What Would Walt Do? is the memoir of D.M. "Mike" Miller, an engineer who worked for a contractor involved in the construction of the Vacation Kingdom. Mike intersperses his personal history and his experiences of working and living in central Florida during the initial phase of Walt Disney World's construction with brief historical summaries and anecdotes about Walt and Roy Disney and others involved with the construction project. While Mike never got the chance to meet Walt and only got to meet principal executives like Roy Disney and Admiral Joe Fowler once or twice, he does have some interesting stories to tell about the folks who did the grunt work on the project, and about how Walt's influence inspired Disney and the people who worked for them to settle for nothing less than the highest quality work on the project.

In spite of what the book's title might have you believe, What Would Walt Do? doesn't offer much new perspective about the decisions and the personalities that shaped Walt Disney World's construction. Unfortunately, Mike's position in the construction team's hierarchy didn't provide him much opportunity to interact with the key people on the construction project or to be there when key decisions were made. Mike tries to make up for it with the anecdotes he shares about Walt, Roy, and others, but most of these anecdotes are second-hand ones that he gleaned from other sources, so most readers who are into Disney history won't be reading anything about the key people that they haven't read before. This book is more about Mike than it is about Walt, which hurts the book; there's nothing wrong with a little biographical information to help set the story, but quite a bit of what's covered in the book, like detailed information about Mike's life before working on the World, his take on the mores and cultural values of the times he lived in, and his feelings about unions, are just distractions from the central topic.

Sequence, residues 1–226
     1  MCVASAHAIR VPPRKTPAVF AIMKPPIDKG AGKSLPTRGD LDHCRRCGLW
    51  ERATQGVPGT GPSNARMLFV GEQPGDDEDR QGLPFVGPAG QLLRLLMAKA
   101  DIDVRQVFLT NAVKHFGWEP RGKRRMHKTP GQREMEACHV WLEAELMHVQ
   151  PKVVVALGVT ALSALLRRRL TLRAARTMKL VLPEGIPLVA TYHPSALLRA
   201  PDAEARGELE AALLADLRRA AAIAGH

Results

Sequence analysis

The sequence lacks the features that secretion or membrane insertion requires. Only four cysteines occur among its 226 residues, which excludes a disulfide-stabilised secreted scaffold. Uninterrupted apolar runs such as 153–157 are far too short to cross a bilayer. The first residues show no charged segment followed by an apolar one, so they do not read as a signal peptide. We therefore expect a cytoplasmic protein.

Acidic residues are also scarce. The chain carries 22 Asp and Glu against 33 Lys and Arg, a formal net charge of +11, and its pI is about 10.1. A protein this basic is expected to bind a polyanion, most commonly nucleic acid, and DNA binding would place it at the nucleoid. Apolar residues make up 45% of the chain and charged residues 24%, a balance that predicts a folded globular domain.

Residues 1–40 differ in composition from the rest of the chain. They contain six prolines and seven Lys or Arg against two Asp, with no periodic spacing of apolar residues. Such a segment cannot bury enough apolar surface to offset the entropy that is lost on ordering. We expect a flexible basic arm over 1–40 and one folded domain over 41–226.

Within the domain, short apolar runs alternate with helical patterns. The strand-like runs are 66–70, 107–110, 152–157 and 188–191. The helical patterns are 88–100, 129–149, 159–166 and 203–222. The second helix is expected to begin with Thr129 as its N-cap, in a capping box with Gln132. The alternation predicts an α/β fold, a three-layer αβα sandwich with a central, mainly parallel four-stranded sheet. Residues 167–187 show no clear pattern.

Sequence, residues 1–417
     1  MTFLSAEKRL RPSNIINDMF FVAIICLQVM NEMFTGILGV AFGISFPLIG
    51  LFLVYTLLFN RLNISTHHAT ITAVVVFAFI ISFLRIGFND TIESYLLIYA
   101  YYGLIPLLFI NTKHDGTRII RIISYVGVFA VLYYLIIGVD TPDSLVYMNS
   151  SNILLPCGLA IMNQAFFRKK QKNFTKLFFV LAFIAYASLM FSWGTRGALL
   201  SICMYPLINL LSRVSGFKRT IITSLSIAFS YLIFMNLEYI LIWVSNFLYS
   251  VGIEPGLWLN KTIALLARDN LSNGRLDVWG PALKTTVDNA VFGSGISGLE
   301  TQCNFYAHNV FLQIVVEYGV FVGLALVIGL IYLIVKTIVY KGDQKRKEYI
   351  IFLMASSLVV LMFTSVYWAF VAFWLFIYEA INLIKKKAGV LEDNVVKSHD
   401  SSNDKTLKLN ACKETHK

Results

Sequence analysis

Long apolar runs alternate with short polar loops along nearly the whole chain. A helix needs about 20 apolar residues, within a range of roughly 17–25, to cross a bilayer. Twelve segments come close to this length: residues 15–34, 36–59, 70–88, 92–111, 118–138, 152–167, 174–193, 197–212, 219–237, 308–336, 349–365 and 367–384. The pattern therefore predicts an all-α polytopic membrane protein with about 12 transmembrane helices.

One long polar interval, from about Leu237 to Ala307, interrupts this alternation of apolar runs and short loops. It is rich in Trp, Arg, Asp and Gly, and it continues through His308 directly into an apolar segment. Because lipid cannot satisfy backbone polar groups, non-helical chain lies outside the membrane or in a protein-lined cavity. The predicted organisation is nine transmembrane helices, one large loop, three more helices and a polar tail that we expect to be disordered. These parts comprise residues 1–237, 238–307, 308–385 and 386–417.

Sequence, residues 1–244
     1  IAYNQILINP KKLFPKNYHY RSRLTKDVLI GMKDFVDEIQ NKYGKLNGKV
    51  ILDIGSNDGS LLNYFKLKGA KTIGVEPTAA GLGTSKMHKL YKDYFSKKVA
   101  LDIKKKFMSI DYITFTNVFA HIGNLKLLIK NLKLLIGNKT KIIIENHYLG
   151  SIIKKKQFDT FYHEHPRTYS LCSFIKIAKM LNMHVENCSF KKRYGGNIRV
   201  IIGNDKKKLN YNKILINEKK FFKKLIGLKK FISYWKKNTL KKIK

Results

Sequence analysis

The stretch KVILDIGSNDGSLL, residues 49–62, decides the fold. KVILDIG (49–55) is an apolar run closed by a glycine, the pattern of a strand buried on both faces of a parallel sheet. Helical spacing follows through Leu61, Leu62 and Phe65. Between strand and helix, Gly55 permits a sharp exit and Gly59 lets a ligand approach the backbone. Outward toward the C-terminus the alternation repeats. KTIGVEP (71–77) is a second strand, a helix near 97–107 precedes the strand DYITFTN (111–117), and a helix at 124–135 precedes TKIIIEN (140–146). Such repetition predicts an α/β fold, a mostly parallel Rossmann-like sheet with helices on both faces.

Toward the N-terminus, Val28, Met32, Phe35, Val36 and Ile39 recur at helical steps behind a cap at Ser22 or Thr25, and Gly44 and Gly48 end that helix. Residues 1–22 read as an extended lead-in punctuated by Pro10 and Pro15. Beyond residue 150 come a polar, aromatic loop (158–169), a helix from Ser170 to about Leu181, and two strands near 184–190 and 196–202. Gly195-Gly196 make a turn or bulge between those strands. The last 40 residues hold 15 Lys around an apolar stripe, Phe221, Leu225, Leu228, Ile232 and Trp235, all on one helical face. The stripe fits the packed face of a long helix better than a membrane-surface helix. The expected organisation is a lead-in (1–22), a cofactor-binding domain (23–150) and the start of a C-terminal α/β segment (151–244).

Does that mean that What Would Walt Do? isn't worth your time? Not necessarily. I enjoyed reading about what Orlando and central Florida was like before it became the theme park mecca of the world; Mike's description of what life was like for him in Orlando in the late 60s and early 70s provides an incredible contrast to Orlando as we know it today. Mike had the opportunity to work with some interesting people on the Walt Disney World construction project, and the stories he tells are fascinating, even if they don't have all that much relevance to the book's main topic. Mike tells a pretty good story, but if you're a Disney fan looking for the story of how Walt Disney World came to be, Mike doesn't have all that much to tell you.